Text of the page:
A story I’m hearing more and more is where folks go out and buy some cheap laptop at the big box store and then get miffed ’cause they can’t install Linux on it. Well, Duh! Those machines weren’t made to run Linux! Up to about five years ago, Linux would install on such low-end Windows machines rather easily but nowadays we got UEFI and Secure Boot to deal with and no two hardware manufacturers handle those things the same. You’re just being penny-wise and pound foolish trying this these days.
The best road to take in 2017 is to seek out and buy a machine designed to run Linux. Buying a new machine that comes loaded with Linux does some really nifty things. First, you send a message to the manufacturer that you care about Linux and that you appreciate their efforts to provide hardware for Linux. You’re voting with your wallet and you are NOT supporting Microsoft. Part of the price you pay for a computer that comes with Windows is the licensing fee that goes to MS. You’re just wasting hardened money if you don’t plan on using Windows! Also, it adds another tick to the all-important market statistics for machines sold with Windows. It doesn’t matter if you never boot into Windows or not. You bought a machine loaded with Windows and that counts as another Windows machine in the wild.
The two American companies that are offering the widest selection of Linux-loaded machines are System76 and Dell. System76 sells high-end hardware that is specifically built to run Ubuntu. Dell has recently expanded its line of Ubuntu loaded hardware. So, what if you don’t want to run Ubuntu? Both companies make it clear that their machines will run just about ANY modern Linux distro. Feel free to reload your shiny new machine with anything you like and the technical support folks will be glad to tell you how. System76 machines will happily run Windows too. I know of one tech who has decided that all of the new machines he recommends to clients will come from System 76, even if the client doesn’t want Linux! Why? It’s because they are very well made machines and he knows that even non-Linux-loving clients will be happy with their purchase for years to come.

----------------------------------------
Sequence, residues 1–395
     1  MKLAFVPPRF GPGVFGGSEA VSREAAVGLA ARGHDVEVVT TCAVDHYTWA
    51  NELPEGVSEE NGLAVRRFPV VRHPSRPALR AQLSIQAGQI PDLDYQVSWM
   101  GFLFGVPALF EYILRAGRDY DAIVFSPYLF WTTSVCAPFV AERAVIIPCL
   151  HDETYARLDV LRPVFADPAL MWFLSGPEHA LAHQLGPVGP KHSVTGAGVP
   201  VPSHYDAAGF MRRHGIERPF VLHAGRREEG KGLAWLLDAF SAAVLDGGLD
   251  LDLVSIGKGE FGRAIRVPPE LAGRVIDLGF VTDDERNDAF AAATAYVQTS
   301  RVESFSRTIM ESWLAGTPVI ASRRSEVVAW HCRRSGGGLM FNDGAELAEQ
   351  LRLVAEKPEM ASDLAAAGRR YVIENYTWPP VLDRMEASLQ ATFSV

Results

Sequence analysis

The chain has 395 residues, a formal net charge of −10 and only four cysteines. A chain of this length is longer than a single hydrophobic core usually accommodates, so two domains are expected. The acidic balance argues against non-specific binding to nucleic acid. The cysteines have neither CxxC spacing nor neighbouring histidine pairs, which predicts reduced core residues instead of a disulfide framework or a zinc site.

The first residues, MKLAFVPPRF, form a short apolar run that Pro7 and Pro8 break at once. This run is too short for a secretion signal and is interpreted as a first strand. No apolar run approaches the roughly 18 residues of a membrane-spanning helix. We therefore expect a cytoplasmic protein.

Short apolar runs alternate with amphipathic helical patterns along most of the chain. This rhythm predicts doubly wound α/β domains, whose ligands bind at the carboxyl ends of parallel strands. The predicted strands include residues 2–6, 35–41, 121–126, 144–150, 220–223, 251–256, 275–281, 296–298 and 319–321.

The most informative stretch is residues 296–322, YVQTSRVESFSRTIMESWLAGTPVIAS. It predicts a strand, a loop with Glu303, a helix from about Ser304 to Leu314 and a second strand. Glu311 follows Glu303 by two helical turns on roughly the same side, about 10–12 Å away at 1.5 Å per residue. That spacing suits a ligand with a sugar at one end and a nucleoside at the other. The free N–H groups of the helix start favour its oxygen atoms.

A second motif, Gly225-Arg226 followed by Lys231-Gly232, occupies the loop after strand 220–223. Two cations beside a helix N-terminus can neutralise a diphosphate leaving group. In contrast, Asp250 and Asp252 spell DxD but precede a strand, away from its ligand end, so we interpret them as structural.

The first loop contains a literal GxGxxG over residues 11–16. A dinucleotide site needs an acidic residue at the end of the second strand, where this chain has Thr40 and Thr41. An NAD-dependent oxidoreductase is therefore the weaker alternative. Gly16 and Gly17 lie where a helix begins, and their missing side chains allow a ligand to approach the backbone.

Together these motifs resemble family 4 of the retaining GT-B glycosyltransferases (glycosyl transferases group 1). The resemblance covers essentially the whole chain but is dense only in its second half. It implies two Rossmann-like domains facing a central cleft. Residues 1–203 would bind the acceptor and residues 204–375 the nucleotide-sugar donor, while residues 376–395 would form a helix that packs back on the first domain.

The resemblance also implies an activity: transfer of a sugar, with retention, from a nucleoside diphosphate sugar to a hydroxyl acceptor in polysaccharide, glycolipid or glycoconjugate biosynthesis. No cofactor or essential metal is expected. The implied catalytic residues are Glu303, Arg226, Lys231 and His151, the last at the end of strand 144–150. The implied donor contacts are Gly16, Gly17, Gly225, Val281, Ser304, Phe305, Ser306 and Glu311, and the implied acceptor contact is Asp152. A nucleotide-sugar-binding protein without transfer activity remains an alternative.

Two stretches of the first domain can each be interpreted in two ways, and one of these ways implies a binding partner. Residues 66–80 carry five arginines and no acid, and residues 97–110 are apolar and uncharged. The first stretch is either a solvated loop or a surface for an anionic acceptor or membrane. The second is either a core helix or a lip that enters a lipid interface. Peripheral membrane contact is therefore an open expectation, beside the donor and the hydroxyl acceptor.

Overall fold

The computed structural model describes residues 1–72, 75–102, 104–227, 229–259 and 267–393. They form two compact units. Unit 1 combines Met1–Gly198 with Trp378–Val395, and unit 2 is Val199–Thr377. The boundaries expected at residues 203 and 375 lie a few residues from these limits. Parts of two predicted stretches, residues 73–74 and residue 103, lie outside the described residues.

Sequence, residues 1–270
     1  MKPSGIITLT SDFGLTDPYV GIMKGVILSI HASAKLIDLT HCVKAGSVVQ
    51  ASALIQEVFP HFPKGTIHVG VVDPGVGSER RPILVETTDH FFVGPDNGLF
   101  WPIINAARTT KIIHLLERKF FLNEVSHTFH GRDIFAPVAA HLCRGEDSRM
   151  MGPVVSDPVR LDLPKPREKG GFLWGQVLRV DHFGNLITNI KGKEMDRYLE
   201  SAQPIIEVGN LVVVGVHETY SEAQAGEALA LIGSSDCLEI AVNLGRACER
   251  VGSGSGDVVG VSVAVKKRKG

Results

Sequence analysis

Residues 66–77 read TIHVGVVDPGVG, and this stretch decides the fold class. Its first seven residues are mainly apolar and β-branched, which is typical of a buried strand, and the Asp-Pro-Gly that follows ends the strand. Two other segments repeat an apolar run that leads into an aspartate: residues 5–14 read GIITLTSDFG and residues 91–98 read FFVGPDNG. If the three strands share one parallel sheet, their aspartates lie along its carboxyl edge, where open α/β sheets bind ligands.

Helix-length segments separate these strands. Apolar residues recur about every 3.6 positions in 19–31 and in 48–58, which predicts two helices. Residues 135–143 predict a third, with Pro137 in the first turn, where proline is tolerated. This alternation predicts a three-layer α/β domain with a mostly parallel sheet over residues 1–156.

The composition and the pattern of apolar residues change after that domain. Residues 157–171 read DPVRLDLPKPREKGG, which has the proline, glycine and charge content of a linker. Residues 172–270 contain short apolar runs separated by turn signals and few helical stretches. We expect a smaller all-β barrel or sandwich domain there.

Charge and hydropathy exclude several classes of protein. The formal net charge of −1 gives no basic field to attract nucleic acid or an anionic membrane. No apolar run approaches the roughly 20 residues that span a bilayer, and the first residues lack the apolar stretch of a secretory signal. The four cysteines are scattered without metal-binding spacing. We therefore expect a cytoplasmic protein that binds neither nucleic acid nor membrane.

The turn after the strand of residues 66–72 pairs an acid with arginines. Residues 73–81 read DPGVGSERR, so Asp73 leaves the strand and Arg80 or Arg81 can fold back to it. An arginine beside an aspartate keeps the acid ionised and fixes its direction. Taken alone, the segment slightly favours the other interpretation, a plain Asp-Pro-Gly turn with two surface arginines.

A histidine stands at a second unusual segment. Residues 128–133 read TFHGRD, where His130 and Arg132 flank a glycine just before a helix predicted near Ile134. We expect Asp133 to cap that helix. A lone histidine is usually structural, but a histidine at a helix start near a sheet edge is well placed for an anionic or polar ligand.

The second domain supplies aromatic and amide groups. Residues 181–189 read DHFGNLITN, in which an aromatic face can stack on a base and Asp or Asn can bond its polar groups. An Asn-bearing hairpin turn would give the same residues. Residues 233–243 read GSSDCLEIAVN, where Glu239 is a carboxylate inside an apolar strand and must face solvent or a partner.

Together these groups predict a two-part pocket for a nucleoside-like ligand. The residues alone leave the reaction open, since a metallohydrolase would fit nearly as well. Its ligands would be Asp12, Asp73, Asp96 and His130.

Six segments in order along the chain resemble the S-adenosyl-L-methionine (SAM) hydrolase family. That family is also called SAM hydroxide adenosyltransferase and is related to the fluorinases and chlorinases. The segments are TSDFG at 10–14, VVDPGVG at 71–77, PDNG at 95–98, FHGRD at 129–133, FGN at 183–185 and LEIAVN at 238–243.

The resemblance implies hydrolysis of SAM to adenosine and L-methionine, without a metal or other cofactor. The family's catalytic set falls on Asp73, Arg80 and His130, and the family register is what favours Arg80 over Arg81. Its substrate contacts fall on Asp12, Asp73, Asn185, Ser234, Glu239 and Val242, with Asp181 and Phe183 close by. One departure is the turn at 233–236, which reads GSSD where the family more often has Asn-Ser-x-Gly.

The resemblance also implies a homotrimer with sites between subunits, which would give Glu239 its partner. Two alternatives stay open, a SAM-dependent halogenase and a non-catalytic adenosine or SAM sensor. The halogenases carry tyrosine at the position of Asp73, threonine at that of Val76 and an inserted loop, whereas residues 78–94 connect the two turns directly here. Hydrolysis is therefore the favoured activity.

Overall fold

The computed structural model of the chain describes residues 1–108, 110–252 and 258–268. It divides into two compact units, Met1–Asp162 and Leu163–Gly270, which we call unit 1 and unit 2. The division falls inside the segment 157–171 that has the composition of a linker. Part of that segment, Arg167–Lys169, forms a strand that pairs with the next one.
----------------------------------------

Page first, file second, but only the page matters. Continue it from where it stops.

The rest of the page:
I was going through a box of computer junk the other day, searching for a hard drive, and I came up with my old Ubuntu 10.10 installer CD. Just for fun, I ripped the CD into an ISO file and booted it up in VirtualBox. It all seemed rather quaint all these years down the road. It sort of boggles the mind when you consider just how far Ubuntu and Linux, in general, has come since 2010. Compared to Linux, Mac and Windows seem rather complacent. Linux is ever evolving and changing and the next couple of years promise to bring even more change than we’ve seen since 2010. The days of sticking Linux on a Windows PC are fast coming to a close. The future will require users to think in terms of hardware for Linux and not Linux for hardware. The software is going to change too. The days of companies being able to snub Linux are fast coming to an end as well. Cloud-based applications and the push toward cross-platform development will make what OS you are running more and more of an afterthought. Those who cling to the old way of doing things will eventually be pushed aside as Linux software gets better and better. Maybe not this year or the next but it is inevitable. Make sure you’re ready for those changes with the right hardware as you embark on your Linux Journey and be ready to be amazed.
Are YOU ready for Linux?